If your dog is bitten, seek veterinary help as soon as you can and do not attempt first aid measures such as sucking out the venom or applying a tourniquet. These procedures are ineffective and may even cause further harm to your pet. Try to keep your pet calm and wherever possible carry your dog rather than let it walk. Both of these measures will help slow the spread of venom around the body.
Most dogs can’t resist the lure of water, especially on a hot day. However beware of letting them go into ponds or rivers where algae – a blue-green or green paint-like scum – is growing. Some types produce toxins that can be irritants, or even lethally poisonous. And do not forget that although most dogs like water, not all dogs are good swimmers! Dogs can and do drown in rivers and the sea. If your pet has a near drowning experience they should see a vet, as complications can develop following inhalation of water.
It’s all too easy to forget that dogs are not as good as humans at dealing with hot weather and they can easily overheat, especially if they are enjoying a game chasing after a stick or a ball. Some simple precautions can stop this happening.
Exercise them in the mornings and evenings when the weather is cooler and, if they are a long haired breed, get them a trim for the summer. Also make sure you always take water with you, even on a relatively short walk, just in case. On really hot days if they are playing, make sure they have a break every few minutes and give them a cooling spray with a hose when you get back. Lastly, learn how to take your dogs temperature, by the time a dog is exhibiting symptoms of heatstroke, it’s often too late.
Hot Cars & Spaces
You should not leave your dog in the car for even a minute on a sunny day even with the window slightly open. The same also applies to hot, airless rooms such as a conservatory. At 25 degrees Celsius, dogs in hot cars begin to pant excessively within 2 minutes and can die in less than 15 minutes.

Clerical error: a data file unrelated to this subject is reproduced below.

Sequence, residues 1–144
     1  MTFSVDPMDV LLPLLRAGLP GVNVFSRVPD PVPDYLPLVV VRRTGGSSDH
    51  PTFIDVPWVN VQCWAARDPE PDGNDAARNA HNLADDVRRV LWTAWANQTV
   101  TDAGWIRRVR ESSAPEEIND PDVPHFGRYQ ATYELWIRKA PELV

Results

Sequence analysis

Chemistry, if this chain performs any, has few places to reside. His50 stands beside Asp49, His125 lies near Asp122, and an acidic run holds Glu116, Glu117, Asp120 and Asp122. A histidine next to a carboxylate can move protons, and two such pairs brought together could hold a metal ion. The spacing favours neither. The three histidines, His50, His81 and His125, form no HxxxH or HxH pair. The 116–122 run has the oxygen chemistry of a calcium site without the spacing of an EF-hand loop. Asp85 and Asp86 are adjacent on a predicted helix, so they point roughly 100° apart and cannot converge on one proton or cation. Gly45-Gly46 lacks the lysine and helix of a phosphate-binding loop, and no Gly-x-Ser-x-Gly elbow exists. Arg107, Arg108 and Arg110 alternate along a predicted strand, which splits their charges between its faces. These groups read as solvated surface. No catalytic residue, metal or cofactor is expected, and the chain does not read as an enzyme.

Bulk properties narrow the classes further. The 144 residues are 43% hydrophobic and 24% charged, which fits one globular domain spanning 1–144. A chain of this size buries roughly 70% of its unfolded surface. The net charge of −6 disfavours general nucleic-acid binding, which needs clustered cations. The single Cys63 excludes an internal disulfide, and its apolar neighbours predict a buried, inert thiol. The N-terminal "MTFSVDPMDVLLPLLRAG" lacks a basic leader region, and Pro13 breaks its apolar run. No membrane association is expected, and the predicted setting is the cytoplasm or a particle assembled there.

You should also take care if going on a long journey on a hot day especially if you carry your dog behind the rear seats – remember they are surrounded by more glass than you are. If you have air conditioning make sure you use it and direct the airflow towards your pet. If you don’t, drive with the window down – the air will help them pant and cool off. Whatever you do, make sure you have plenty of water and take regular breaks.
When we go out in the sun we plaster ourselves with sun cream, but do we ever do the same for our four legged friends? All hairless breeds and dogs that have been clipped should be kept out of the sun as much as possible. Breeds such as terriers, spaniels, Chihuahuas, Doberman pinschers and other shorthaired dogs, as well as all breeds with white or pink skin, are at high risk from sunburn.
Dogs are pretty good at finding shade but if you know where you are going doesn’t have much, when hiking or boating perhaps, then take along either a special sunblock from your vet or use unscented waterproof sunscreen of at least factor 15.
It is also a good idea to keep dogs indoors or well shaded areas between 10.00am and 4.00pm when the sun is at its fiercest.
Visit www.we-love-pets.co.uk for details of your local We Love Pets team and for other helpful information on looking after dogs and other pets.